Between 1966 and 1979 the "Formula 850" was raced in Italy, which had to use Fiat 850 technology. Apparently it was a popular (because affordable) class because no fewer than 205 racers were built in those years (source: http://www.registroformula850.it).
Little is documented about many of these cars, but I do my best to find and post as much information as possible.

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More on the Formula 850

The Formula 850 was a continuation of the Formula 500 series in 1966. The Formula 850 (otto e mezzo) was raced with monopostos that had to meet the following requirements:

GENERAL:

The cars were of the single-seat racing type with engines derived from an Italian make car approved in the Touring series category (Group 1)

  • Maximum cylinder capacity: 850 cc
  • Minimum track width: 105 cm
  • Minimum wheelbase: 180 cm
  • Minimum weight roadworthy and without fuel: 300 kg
  • Maximum external width of the body: 90 cm
  • The use of movable ballast was prohibited.

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ENGINE:

The engine had to be strictly standard like that of the homologated car from which it was derived and only the following modifications, replacements or deletions were allowed to the engine:

  • Exhaust manifold and silencer:
    A proprietary exhaust system was allowed to replace the manifold and muffler.
  • Carburettor:
    The air filter could be removed or replaced.
    The carburettor that was normally mounted on the engine could not be replaced or converted.
    However, it was allowed to change the parts that control the dosage of the fuel and air.
  • Cooling:
    It was allowed to replace, move and / or modify the radiator, the water pump, the associated pipes and supports with parts from other brands.
    Change or removal of the fan and thermostat was allowed.
    In the case of an air-cooled engine, it was allowed to modify or relocate the ventilation system, but not to remove it.
  • Electrical system:
    It was allowed to remove the alternator and the voltage regulator.
  • Instruments:
    It was allowed to replace, remove or add sensors on the engine for odometers, tachometers, thermometers and water and oil pressure gauges.

GEAR BOX:

  • The gearbox had to be of the same make as the engine, even if it belonged to a different car model.
  • Gear ratios had to remain standard.
    The gear ratio replacement was only allowed if it had been approved by the manufacturer, also for another type of car belonging to group 1.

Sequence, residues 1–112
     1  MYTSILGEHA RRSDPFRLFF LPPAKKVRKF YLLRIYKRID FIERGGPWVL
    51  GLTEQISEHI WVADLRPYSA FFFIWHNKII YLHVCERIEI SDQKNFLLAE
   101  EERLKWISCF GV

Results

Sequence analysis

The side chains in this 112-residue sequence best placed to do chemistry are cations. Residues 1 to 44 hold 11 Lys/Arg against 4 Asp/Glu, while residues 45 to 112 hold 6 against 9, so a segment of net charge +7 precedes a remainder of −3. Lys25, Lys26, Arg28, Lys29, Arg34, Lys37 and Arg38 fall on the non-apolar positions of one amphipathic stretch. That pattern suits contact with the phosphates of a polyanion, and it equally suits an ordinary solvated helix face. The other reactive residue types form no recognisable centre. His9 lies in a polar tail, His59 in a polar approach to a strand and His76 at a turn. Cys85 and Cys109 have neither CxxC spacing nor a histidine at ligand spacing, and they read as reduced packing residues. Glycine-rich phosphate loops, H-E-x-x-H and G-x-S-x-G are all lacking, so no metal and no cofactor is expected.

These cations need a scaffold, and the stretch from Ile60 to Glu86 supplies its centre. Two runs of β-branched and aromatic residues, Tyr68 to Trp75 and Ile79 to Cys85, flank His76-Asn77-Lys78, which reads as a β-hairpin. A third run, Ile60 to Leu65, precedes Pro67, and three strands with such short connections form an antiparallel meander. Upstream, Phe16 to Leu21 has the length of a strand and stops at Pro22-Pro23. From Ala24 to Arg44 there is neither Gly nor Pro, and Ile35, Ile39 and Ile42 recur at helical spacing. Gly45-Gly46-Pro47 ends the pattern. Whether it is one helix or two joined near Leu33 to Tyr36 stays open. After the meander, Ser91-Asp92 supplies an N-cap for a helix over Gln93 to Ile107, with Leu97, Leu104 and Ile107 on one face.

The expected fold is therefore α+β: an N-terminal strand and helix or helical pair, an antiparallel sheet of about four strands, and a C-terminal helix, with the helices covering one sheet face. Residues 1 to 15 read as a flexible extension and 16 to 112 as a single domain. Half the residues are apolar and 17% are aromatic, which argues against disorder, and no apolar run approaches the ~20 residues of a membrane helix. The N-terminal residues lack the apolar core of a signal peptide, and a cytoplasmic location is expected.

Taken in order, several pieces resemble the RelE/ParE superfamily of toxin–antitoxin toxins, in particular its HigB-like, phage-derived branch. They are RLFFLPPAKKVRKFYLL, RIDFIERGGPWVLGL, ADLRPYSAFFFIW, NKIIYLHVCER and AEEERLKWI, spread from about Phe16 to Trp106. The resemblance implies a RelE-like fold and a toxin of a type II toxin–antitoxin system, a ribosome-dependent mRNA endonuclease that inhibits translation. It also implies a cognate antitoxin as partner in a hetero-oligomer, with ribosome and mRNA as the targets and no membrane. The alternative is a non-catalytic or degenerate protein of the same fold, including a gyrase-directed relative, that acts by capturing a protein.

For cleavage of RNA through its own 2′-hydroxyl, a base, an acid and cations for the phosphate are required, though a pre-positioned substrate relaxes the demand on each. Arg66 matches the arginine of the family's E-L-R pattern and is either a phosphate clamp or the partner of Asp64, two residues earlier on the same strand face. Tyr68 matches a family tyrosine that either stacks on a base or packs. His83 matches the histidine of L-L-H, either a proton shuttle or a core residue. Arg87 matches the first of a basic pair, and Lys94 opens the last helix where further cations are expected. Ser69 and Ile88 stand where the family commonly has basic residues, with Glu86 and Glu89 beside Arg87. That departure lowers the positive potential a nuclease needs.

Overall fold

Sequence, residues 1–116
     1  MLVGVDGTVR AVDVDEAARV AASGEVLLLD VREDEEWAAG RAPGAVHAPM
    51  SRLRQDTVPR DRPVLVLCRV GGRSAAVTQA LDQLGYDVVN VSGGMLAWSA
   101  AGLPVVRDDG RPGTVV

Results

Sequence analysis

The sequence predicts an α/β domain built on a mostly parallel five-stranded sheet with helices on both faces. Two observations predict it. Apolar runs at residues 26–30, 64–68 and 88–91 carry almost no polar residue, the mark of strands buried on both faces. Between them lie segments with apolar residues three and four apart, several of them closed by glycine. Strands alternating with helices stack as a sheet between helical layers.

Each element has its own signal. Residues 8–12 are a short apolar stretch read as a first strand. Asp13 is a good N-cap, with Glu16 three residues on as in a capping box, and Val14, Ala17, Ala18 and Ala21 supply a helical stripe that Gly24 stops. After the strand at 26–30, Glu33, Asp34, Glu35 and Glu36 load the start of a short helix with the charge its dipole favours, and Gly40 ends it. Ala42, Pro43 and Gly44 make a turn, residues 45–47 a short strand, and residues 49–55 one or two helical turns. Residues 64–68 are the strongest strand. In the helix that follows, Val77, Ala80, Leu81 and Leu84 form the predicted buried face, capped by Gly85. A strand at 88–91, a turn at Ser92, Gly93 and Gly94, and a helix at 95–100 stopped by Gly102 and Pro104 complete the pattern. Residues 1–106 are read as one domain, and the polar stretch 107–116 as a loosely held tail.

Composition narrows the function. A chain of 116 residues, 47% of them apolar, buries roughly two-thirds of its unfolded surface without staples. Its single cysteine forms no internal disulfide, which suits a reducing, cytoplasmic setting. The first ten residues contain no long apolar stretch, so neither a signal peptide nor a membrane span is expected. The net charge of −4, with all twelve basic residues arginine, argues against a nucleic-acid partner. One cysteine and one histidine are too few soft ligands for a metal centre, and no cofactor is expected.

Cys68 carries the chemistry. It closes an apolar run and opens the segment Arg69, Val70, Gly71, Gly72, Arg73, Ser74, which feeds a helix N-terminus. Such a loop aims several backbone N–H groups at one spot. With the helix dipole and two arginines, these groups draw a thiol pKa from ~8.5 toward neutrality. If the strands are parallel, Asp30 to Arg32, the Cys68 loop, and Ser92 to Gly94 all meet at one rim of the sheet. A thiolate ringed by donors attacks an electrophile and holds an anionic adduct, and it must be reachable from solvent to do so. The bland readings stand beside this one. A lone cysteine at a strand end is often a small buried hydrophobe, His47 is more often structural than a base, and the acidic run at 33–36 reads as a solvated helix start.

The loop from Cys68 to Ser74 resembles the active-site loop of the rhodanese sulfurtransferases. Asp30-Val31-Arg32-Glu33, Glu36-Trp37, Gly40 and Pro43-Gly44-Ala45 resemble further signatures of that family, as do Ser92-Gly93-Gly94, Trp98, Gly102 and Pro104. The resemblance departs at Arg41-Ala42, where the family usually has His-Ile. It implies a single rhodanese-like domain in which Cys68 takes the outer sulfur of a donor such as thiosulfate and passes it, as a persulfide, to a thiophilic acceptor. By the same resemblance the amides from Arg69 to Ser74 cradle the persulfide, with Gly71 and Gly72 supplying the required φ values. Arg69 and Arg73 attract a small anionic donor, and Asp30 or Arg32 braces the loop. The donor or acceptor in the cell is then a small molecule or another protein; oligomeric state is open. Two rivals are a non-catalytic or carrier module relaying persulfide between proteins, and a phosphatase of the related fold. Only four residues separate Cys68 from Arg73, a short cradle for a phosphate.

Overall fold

• When mounting a gearbox other than the original, this modification allowed the fitting of an intermediate flange on the engine and gearbox.
    This flange could support the starter motor support and the intermediate shaft between the clutch and gearbox.

OTHER REQUIREMENTS

  • Body:
    The open single-seat body had to be fitted with a roll bar at the driver's height, which should be at least 3 centimeters higher than the driver's head when behind the wheel and wider than the driver's shoulders.
  • The driver had to be able to get in and out without moving any moving element, including the steering wheel.
  • Mandatory automatic start:
    With built-in starter motor that could be operated by the driver behind the wheel.
  • Fire protection:
    In addition to the protection already provided by art. 125 of the C.S.I. was required the car had to be equipped with an electrical main switch or with automatic control, or be operated by the driver.
  • Brakes:
    A separate (dual) braking system was required in such a way that, in the event of loss at one point of the braking transmission, the brakes continue to operate on at least two wheels from the same axle.
  • Oil collection:
    It was mandatory to install a device designed to accommodate any oil return through the crankcase fill port.
    No oil supply is allowed during the races.
  • All engine and oil reservoir filler openings were to be designed so that filler hole seals could be fitted.
  • Fuel:
    Commercial fuel only as defined by the F.I.A. was allowed.
  • Certificate of origin:
    Every Formula 850 (F. 8½) car that appeared for a race was required to have a certificate issued by the C.S.A.I. that confirmed the origin of the basic elements.

The requirements were updated from 1967 to 1979. For example, the permissible dimensions and weight of the car were adjusted and there was more freedom for the manufacturers to choose parts. These changes may be discussed later in another article.

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Another Formula Fiat 850

Nothing beats working on cars in a father-son team. I know because my youngest son and I worked on (now) my Fiat 850 many Saturdays since we bought it.

In Italy there also was such a team in the 1950s, Gino and Lucio De Sanctis. The family owned a Fiat dealership in Rome and when Junior wanted to race with a car of his own design, the step to their  own racing brand was quickly undertaken. Especially in 1959 they were the team to beat. This was mainly due to the advanced design of their cars. The De Sanctis brand existed until about 1970 when it had to give up due to financial problems. Until then, 29 cars were certified, although (as I described in another article) that could also be related to recertification of existing cars due to technical changes.